Around 100 spectators wore black shirts that read “Stand with Hong Kong,” while holding signs and chanting pro-democracy slogans during the game. Another dozen fans demonstrated on behalf of the Tibetan freedom movement, though it was unclear if the two protests were related.
“We want to use our performance art to show our support for Hong Kong and the NBA,” one organizer, author Chen Pokong, 55, told the New York Post.
“It seems like NBA people cannot choose their words,” he added. “So if we don’t stop them, they not only will do bad things in China, they will do bad things in America.”
Silver said earlier in the week that Chinese officials urged the NBA to fire Morey over his since-deleted tweet in support of the protest movement in Hong Kong. The Chinese government denied making that request.
The CCTV commentary declared Silver had “defamed” China and had “problems in his character.”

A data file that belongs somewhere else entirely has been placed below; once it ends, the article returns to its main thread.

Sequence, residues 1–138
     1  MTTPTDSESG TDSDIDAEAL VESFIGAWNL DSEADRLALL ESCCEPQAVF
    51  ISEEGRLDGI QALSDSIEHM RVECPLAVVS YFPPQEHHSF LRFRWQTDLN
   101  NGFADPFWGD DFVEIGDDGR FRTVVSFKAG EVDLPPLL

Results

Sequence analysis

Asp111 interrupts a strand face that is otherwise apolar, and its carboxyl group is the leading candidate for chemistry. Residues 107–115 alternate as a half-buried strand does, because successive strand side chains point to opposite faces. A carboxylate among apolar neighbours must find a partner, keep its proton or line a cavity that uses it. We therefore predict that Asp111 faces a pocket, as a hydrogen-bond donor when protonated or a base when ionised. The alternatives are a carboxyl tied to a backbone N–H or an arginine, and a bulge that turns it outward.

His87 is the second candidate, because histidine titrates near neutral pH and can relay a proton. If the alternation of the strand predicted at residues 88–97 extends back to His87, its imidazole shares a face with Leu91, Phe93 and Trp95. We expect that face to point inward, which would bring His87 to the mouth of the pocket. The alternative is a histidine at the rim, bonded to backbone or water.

“To please some American politicians, Silver has fabricated lies out of nothing and has sought to paint China as unforgiving,” it said.
After the game, Nets guard Kyrie Irving sympathized with players and other NBA personnel who want to speak out in support of the Hong Kong protesters.
“[People of color] here in America, we’re still fighting for everyday freedom, so when I think about Hong Kong and China, the people are in an uproar,” he said. “For us as Americans, as African Americans or American Indians, to comment on that, you’re connected nonetheless, especially when it impacts freedoms or world peace.”
The Nets and Lakers played games in China in the immediate aftermath of Morey’s tweet. The NBA canceled media availability with players from both teams in an attempt to manage the situation.
Nets owner Joseph Tsai criticized Morey’s tweet in a Facebook post and said the rupture between the NBA and Chinese fans “will take a long time to repair.” He called the Hong Kong protests a “separatist movement” that threatened to compromise “the territorial integrity of China and the country’s sovereignty over her homeland.”